Indexing Chainlink's Price Oracles

Chainlink is one of the most ambitious projects in web3, providing everything from price oracles to external API adapters. With the ability for anyone to easily connect to any off-chain API and use it as an input or output for smart contracts on the blockchain, Chainlink has become a go-to for many in the crypto industry.

At the Indexing Company, we love Chainlink and indexing, so we decided to index their price oracles and run them through our transformation engine.

First, let's cover the basics. What are Chainlink’s price oracles, and why are they important for the crypto industry?

In the simplest terms, a price oracle is a source that provides up-to-date, real-time pricing data to software running smart contracts on a blockchain network. It can be compared to stock exchange tickers of the past that supplied real-time pricing data to people. Without accurate and reliable sources for crypto prices, smart contract software would not be able to execute correctly.

Chainlink's price oracles offer a reliable alternative to traditional methods of data collection and market assessment. The decentralized, secure protocol provides access to a range of leading sources that can be used to make informed price predictions. Prices are managed via an open-source aggregation algorithm, which minimizes the risk of falsified or inaccurate results. This is extremely beneficial compared to other price oracle solutions on the market, as it ultimately reduces the need for manual response checks and lowers financial exposure in potential errors. Chainlink's security measures also maintain top-level protection against external threats such as hacking and performance issues, giving users confidence in their pricing decisions.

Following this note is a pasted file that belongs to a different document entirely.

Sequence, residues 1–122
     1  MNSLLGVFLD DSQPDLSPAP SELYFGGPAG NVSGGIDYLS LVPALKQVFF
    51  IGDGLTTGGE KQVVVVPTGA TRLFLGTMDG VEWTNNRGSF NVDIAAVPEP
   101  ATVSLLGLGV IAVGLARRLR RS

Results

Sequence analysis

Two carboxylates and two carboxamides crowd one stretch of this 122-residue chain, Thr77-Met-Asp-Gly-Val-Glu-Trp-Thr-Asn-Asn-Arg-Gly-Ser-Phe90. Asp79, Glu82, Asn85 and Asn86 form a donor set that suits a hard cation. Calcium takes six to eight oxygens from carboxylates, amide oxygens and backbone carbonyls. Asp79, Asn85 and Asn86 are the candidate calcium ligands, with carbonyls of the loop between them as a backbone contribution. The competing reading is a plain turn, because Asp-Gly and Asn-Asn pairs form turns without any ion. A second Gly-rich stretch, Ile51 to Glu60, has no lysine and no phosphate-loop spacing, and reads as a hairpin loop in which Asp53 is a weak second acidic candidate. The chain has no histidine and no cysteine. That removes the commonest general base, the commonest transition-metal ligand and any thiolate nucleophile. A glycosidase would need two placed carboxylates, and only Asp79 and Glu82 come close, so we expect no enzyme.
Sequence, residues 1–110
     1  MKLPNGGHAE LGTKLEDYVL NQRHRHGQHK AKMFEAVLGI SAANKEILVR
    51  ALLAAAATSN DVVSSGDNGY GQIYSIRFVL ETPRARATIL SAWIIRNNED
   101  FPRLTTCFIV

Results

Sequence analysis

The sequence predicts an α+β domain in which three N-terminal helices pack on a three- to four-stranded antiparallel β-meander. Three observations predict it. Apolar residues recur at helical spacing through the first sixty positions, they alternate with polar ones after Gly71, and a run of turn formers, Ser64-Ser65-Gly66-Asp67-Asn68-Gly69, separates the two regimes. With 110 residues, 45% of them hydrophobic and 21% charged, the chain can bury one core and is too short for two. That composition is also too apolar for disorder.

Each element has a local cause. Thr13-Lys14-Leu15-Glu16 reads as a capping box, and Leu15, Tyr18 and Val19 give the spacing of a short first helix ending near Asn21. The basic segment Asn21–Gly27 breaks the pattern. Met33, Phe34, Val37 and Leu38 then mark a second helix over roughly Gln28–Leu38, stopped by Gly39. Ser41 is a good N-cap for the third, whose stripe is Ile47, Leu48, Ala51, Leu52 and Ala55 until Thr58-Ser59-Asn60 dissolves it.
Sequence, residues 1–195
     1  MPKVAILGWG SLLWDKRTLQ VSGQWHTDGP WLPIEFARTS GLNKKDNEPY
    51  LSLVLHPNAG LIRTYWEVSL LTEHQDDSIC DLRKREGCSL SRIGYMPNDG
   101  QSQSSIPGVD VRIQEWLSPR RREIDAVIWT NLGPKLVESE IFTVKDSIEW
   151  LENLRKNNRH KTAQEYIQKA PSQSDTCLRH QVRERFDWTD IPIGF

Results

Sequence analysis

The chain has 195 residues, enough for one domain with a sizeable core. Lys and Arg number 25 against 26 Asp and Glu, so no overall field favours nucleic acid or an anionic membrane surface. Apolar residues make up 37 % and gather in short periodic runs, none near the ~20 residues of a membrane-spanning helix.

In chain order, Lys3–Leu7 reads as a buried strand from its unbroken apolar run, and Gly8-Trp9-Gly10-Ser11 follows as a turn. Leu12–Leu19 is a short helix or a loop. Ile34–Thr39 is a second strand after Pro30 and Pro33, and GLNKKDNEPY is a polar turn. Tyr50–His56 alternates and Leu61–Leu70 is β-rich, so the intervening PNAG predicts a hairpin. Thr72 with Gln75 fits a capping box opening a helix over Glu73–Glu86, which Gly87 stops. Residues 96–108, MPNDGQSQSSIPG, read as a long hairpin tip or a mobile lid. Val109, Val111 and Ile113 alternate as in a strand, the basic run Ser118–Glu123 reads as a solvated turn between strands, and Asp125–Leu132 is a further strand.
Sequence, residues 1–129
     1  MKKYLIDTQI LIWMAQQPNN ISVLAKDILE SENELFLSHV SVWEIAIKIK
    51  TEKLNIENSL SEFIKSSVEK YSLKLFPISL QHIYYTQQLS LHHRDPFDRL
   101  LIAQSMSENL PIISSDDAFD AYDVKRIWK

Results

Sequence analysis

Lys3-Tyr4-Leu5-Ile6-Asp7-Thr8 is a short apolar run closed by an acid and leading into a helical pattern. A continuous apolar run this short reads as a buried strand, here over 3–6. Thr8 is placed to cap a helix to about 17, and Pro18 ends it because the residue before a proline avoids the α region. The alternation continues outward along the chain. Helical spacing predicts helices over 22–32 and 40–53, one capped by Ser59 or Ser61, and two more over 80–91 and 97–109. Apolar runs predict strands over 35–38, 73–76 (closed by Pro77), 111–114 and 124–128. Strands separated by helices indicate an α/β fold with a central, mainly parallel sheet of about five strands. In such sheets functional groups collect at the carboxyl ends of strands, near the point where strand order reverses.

So, why index Chainlink's price oracles?

By indexing Chainlink's price oracles, we can configure the Indexing Company's transformation engine to generate some interesting data points.


First, we indexed the feeds and merged labels (e.g. ETH/USD) to compare and contrast price data. Next, we ran different transformations to get things like spot, 1-day, 7-day, 15-day, and 30-day moving averages. Lastly, to visualize the above data points, we exposed an API via GraphQL and routed it into ReTool.

Test it yourself!

You might ask yourself, "I can already get this data on Coinbase. What's the big deal?"

The difference is in how the data is obtained and disseminated. Exchanges like Coinbase get crypto prices by matching buyers and sellers on their platform, and the prices on the exchange reflect the supply and demand of the crypto assets being traded on that particular platform. The prices of crypto assets on different exchanges can vary due to differences in trading volume, order book depth, and other factors.

Chainlink price oracles, on the other hand, obtain crypto prices from multiple, decentralized data sources, such as other decentralized exchanges (DEXs), off-chain data aggregators, and oracles. The Chainlink network is decentralized, meaning that it is not controlled by any single entity, making it resistant to manipulation and tampering. The Chainlink network uses a consensus mechanism to ensure that the data provided by the oracles is accurate, and it uses smart contracts to ensure that the data is tamper-proof.

If the goal of web3 is decentralization, using tools like Chainlink’s price oracles is pivotal.

We’re finishing documentation this week then we’ll make the API publicly available (for free!)

The above exercise, in addition to whatsmynameagain.xyz and mirrormirror.page, are examples of what can be created with The Indexing Company’s technology. Our mission is to provide the infrastructure so you can become the data company or surface to your end users.

Email us today at hello@indexing.co, and we’ll get you set up with your own configurable indexers and transformations to create fun tools like this.